Making reference first to FIGS. 1 and 1a, a metering head 1 for such loose products, either in powder or granules, and a control head 2 controlling the density variations of the product being processed, are mounted coaxially with a vertical shaft 3, to the bottom portion whereof a toothed pulley 4 is keyed wherearound a belt 5 runs, which is operative to convey containers 6 arranged to receive the product doses. A motor drives the shaft 3 rotationally through a speed transmission, thereby the shaft 3 rpm may be varied in steps. At the shaft 3 top, a cover 7 is provided for a pan 8 of the metering head 1, which cover, owing to its outer shoes 9 being in engagement with fixed guides 10, is only allowed to slide in a vertical direction. For the vertical sliding movement of the cover 7, the hub of the latter forms the female thread for the threaded portion of a sleeve 11 pivotally mounted to the shaft 3 and rigidly connected to the bottom end of a control shaft 12, extending above the shaft 3 in alignment therewith. The pan 8 rotates at the same speed as the shaft 3, and follows the vertical sliding movements of the cover 7; the pan being, in fact, keyed to the sleeve 13, which being formed with keys 14 engaging grooves in the shaft 3 is driven to rotate by the latter, while being slidable with respect thereto; furthermore, a shoulder in the sleeve 7a, rigid and coaxial with the cover 7, engages through intervening thrust bearings between the sleeve 13 and the pan 8 hub. Elastic suspensions 15, intervening between a disc 16 rigid with the shaft 3 and the pan 8, contribute to the supporting of the pan 8, thus relieving the sleeve 7a and cover 7 of the load whereof. The product to be delivered to the containers 6 in doses of a given weight, reaches the pan 8 through the duct 17 which terminates within the cover 7 wherewith, according to the invention, it is rigid. At the bottom of the pan 8, the top of a set of bushings 18 opens, which bushings are distributed evenly all around the pan and are inserted with their bottom end into the top of respective bushings 19 mounted so as to pass through the disc 16. The vertically fixed bushings 19 and the bushings 18, which are movable vertically, constitute the two-piece telescoping members, which form volume-wise doses to be supplied to the containers 6 through respective funnels 20. The funnels are attached under the disc 16 and have their discharge mouth overlying and timed with respective containers 6 associated with the pulley 4. In order to form the doses, provision is made in the pan 8 for special levelers to level the product at the bushing 18 inlet height, while the bushings 19 are closed at the bottom by a specially provided door, which is then caused to open for delivering the dose (the levelers, doors and opening mechanism have all been omitted as they are known per se). A tube 21 is pivotally mounted to the shaft 12, the tube 21 having keyed to its lower end a bevel gear wheel 22; said gear wheel meshes with a pinion 23 on the driven shaft 24 through a gear 25-26, under the drive provided by a motor assembly 27. On the shaft 24, there are keyed two gear wheels 28 and 29 which transmit the motion to respective wheels 30 and 31, one in direct drive engagement and the other through an idler, not shown. The wheels 30 and 31 are idle on the shaft 32, which is pivotally carried and has two electromagnetic clutches 33 and 34 keyed thereto. When the clutch 33 is energized, the wheel 30 becomes rigid therewith, thereby the shaft 32 rotates in one direction; by contrast, when it is the clutch 34 which is energized, the wheel 31 becomes rigid therewith, and the shaft 32 rotates in the opposite direction. Thus, by meshing the pinion 35 of the shaft 32 with the bevel gear wheel 36 keyed to the drive shaft 12, the latter may be driven to rotate in one direction or the other.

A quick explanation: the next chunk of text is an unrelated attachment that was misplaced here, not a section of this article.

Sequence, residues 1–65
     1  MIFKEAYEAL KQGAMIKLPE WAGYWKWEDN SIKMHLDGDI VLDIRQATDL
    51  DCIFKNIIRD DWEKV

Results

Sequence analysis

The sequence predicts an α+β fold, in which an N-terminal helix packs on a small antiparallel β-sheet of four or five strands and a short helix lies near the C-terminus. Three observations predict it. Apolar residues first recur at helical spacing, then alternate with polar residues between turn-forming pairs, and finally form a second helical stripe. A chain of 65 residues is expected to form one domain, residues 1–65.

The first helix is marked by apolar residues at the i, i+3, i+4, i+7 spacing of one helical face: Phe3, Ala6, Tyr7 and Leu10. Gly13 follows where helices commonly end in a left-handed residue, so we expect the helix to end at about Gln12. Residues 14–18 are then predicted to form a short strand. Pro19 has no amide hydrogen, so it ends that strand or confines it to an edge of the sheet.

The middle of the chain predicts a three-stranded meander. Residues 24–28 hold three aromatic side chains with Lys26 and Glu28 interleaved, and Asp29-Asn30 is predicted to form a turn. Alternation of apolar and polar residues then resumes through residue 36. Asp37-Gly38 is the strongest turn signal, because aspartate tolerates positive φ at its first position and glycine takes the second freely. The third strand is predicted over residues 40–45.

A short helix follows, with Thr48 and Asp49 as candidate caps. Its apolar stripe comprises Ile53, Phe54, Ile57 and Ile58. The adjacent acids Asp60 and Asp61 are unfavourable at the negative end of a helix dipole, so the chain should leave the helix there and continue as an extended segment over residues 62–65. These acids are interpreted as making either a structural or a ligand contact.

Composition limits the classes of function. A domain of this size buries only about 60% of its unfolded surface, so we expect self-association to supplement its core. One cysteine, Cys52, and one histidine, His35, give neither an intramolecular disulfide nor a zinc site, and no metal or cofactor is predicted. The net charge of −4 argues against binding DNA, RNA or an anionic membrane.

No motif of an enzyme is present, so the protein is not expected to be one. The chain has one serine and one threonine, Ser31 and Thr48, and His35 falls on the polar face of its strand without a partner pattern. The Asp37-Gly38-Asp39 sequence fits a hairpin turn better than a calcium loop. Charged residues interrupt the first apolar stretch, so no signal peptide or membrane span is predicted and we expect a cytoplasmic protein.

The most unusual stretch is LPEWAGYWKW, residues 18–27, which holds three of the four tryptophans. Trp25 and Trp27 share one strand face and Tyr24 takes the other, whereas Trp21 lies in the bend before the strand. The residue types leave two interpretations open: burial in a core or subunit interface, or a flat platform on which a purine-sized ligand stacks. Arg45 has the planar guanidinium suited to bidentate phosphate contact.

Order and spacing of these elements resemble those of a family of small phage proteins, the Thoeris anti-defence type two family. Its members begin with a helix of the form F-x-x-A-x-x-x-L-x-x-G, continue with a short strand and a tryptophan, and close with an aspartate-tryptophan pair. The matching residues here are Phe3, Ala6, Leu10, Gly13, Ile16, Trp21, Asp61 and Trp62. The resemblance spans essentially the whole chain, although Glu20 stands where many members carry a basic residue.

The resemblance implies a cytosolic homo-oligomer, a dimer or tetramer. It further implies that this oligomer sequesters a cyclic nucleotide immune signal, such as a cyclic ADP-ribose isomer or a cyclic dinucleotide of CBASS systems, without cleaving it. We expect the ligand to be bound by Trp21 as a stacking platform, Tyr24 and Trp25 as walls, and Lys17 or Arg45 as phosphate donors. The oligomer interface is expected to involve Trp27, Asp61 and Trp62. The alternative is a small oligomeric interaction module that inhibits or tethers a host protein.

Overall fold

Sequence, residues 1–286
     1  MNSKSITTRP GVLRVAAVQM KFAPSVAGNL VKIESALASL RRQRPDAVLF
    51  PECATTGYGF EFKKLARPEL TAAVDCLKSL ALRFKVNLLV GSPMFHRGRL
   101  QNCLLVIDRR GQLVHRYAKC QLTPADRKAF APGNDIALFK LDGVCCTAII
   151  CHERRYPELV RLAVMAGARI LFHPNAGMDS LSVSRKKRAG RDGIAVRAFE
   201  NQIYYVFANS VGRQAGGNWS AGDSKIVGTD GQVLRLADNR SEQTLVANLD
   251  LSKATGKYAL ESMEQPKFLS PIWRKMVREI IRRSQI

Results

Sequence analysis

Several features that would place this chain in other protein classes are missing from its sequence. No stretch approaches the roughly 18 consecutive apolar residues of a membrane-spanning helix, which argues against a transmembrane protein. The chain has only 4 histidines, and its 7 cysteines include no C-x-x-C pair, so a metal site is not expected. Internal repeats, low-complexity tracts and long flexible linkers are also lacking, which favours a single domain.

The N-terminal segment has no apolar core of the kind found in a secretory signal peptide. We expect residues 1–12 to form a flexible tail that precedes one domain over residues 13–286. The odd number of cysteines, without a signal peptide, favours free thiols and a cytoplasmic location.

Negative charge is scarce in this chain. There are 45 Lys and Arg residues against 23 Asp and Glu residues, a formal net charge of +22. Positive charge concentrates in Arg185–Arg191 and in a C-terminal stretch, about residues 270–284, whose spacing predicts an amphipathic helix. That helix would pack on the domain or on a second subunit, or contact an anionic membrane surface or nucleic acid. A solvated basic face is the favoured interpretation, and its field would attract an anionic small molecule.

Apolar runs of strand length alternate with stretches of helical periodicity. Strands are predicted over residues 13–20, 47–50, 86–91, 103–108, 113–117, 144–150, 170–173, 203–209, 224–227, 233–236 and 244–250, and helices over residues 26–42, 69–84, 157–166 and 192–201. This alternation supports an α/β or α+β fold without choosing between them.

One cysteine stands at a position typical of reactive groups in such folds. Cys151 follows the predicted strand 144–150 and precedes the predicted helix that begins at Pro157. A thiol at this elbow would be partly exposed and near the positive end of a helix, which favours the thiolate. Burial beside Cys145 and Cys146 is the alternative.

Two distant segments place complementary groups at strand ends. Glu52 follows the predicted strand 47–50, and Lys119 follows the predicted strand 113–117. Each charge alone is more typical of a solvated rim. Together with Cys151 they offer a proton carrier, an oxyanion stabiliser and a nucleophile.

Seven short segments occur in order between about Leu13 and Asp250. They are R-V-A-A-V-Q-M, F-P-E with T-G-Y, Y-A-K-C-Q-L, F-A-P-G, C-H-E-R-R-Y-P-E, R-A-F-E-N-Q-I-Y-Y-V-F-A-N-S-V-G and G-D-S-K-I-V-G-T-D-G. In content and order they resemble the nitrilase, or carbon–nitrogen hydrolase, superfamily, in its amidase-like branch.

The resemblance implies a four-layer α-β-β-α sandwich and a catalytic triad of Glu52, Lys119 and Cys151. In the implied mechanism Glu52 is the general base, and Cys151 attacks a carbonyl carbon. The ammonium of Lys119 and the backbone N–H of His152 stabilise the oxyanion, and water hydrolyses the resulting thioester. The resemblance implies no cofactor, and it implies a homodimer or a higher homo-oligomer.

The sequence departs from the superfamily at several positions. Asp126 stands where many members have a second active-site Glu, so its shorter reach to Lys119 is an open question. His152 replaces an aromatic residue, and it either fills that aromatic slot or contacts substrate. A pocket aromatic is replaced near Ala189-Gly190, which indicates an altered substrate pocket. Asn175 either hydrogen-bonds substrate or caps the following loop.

The cover 37 of the pan 38 of the control head 2 is still only slidable vertically and the movements thereof in the vertical direction are determined by the threaded portion 12a of the shaft 12, which engages with the female thread formed in the hub 37a of the cover. The pan 38 is keyed onto the sleeve 39, which is provided with keys to slide axially along the tube 21 and to be driven thereby into rotation; the pan 38 follows the vertical sliding movements of the cover 37, owing to its being engaged, through intervening thrust bearings, by the shoulder 37b in the cover 37. To the supporting of the pan 38, there contribute elastic suspensions 115 resting on the underlying disc 40, which is keyed to the tube 21. The product reaches the pan 38 of the control head 2 from the secondary duct 41, branching off the upper section of the duct 17. The sample telescoping members (generally two in number) are comprised of bushings 42 projecting outwardly from the pan 38 bottom and inserted in corresponding bushings 43 extending upwardly from the disc 40 and provided at the bottom with openable doors. The sample doses, as formed by the telescoping members 42-43, are cyclically discharged to a hopper 44, fitted with an openable bottom, of a scale 45, the mount whereof is fixed and will be described hereinafter. The discharging occurs as the funnel 46, applied under the disc 40 at the bushing 43, comes into an overlying relationship with a stationary or fixed funnel 47. The control head 2 cycle is followed by a set of cams 48 keyed to the shaft 49 which receives its motion from the shaft 52 through the gearing 50-51, the pinion 53 of the shaft 52 meshing with the bevel gear wheel 22 which drives into rotation the tube 21 and thus the control head 2. One of the cams 48 determines the opening of the hopper 44 after the scale 45 has carried out the weighing of a sample dose. The sample dose weighed is then discharged, through the funnel 54, into the pan 8 of the metering head 1. It should be noted that, according to the invention, the pitch of the threaded portion 12a of the shaft 12 and the pitch of the sleeve 11 screw are identical, thereby, to a rotation in one direction or the other by the shaft 12, there corresponds an equal decrease or increase of the depths both of the telescoping members 18-19 and members 42-43. The secondary duct 41, rigid with the duct 17, is also rigid with the cover 37 of the control head 2; the ducts 41 and 17, accordingly, follow the equal vertical movements of of the covers 37 and 7. Above the horizontal section 17a, from where the secondary duct 41 branched portion off the duct 17 starts, the tube 17 is connected to the fixed hopper feeding the two heads 1 and 2 with the product; such a connection is implemented through an axially deformable section which allows for the ducts 17 and 41 to follow said vertical movements of 7 and 37. The delivery of the product from the hopper to the ducting 17-41 is so implemented as to have the duct at all times filled at least up to the section 17a.